Espaço Korsang = Espaço Coração = “Heart Space”
Sentru Saudi = Centro Saude = Health Center
(a health clinic it seems)

Typical of such adventures, after walking for almost an hour in the hot sun, all of the restaurants were closed. Except, thankfully, for one. On the advice of the owner, I had spicy baked fish and kangkong belachan, which were both fantastic.

img_3722

I spent most of the rest of the afternoon wandering around the old Portuguese fort (called, as all Portuguese forts in tropical Asia seem to be called, “A Famosa”) and looking at old Dutch graves. I concluded the afternoon with an ice cold cendol at a very attractive little cafe called Straits Affair.

Perfect Cendol

Perfect Cendol

I had a very nice conversation with the proprietor Isaac Tan, an eighth-generation Peranakan Chinese who is part of the same illustrious family that gave us Tun Tan Cheng Lock and Tun Tan Siew Sin.

Isaac Tan Kong Ming with his family tree

Isaac Tan Kong Ming with his family tree

Tan views the new and booming tourist development around Malacca as having really affected the local communities, and his cafe celebrates the old Baba-Nyonya food culture. He relates how the neighborhood in which he grew up, near Jonker Street, is now no longer affordable for the people who had long lived there. I saw similar signs in Kampung Portugis of local frustration with the new development.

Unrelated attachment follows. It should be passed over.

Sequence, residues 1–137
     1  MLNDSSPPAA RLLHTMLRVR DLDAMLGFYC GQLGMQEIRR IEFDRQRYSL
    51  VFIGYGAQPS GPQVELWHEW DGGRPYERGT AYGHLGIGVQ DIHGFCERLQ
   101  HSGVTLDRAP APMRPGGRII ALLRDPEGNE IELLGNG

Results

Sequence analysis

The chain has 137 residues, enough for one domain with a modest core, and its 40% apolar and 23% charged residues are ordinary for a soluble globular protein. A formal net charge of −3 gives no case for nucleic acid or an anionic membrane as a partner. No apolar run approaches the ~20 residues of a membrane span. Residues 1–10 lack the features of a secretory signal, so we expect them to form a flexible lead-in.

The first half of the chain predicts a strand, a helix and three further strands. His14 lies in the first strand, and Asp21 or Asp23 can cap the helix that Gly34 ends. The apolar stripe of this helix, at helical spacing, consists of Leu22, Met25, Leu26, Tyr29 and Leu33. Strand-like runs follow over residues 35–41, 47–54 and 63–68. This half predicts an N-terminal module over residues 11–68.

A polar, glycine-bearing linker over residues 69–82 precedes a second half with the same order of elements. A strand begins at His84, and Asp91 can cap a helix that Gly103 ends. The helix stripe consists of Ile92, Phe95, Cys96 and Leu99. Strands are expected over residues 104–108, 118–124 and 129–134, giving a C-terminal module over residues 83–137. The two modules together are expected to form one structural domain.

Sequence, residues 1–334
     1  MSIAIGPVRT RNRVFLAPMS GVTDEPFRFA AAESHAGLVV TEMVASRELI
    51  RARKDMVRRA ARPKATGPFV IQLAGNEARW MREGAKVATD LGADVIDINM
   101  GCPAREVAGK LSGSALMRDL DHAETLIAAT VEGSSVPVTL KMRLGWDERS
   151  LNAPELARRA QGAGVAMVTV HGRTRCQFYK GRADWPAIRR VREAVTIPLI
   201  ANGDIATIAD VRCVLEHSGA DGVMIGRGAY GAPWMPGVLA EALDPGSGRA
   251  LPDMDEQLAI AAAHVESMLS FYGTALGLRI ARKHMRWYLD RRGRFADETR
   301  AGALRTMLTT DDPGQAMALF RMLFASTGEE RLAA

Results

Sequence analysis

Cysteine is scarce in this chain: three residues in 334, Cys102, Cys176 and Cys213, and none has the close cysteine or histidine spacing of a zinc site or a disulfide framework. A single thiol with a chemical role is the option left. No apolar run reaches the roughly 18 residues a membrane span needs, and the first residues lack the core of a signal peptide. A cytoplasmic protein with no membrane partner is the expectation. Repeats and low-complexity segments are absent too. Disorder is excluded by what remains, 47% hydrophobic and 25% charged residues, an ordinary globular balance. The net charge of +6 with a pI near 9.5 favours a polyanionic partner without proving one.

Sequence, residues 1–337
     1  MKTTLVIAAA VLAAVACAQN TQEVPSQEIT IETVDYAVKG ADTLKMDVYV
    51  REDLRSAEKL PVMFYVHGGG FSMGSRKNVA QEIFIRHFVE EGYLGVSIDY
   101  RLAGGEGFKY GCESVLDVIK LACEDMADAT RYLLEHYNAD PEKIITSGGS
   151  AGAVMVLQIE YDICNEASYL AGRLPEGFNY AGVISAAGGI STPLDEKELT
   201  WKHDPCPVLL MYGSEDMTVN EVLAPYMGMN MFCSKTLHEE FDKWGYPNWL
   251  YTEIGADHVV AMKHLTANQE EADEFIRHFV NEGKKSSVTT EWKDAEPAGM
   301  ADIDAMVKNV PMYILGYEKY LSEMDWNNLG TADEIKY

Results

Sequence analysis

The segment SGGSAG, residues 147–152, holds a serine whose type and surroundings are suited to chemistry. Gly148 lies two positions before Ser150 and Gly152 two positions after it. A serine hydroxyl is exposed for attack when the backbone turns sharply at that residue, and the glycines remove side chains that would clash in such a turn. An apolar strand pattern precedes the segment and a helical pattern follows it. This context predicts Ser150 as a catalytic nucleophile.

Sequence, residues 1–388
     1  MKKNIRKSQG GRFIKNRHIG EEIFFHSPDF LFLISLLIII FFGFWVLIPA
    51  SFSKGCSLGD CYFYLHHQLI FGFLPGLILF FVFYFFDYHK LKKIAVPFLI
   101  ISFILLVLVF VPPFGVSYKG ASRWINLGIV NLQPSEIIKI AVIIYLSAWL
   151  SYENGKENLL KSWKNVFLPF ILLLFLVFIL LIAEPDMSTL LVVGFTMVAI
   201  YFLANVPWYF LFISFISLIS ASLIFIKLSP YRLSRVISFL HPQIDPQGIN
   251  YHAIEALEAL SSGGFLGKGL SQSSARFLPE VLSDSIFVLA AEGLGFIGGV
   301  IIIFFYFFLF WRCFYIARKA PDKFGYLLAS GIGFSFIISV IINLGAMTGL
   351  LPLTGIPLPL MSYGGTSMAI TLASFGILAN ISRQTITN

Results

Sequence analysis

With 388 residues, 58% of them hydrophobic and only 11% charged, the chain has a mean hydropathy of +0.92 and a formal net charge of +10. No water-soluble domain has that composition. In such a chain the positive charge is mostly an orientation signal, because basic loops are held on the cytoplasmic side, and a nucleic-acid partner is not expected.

Fishing boat jetty, Kampung Portugis

Fishing boat jetty, Kampung Portugis

Huge new construction dominating the Kampung Portugis skyline

Huge new construction dominating the Kampung Portugis skyline

Commentary on the community messageboard

Commentary on the community messageboard

It would be interesting to learn more about the political economy of the new tourism development boom. Ahem.

Posted in Food and Drink, Malaysia, Travel

Everyday Authoritarianism is Boring and Tolerable

Malaysia is a country that I know well, and whose political system I have studied closely for fifteen years. It is also a country whose political liberalization I have long awaited. Malaysia has a multiparty parliamentary system of government, but the same coalition of parties has been in power for six decades, and has never lost a general election. The government retains—in a holdover from the British colonial period—the legal authority to detain people without trial if it so desires. The print and broadcast media are fairly compliant, mostly owned by the corporate allies of political elites, and rarely criticize the government.

Living in Malaysia and working on Malaysian politics has taught me something important about authoritarianism from my perspective as an American. That is, the mental image of authoritarian rule in the minds of most Americans is completely unrealistic, and dangerously so.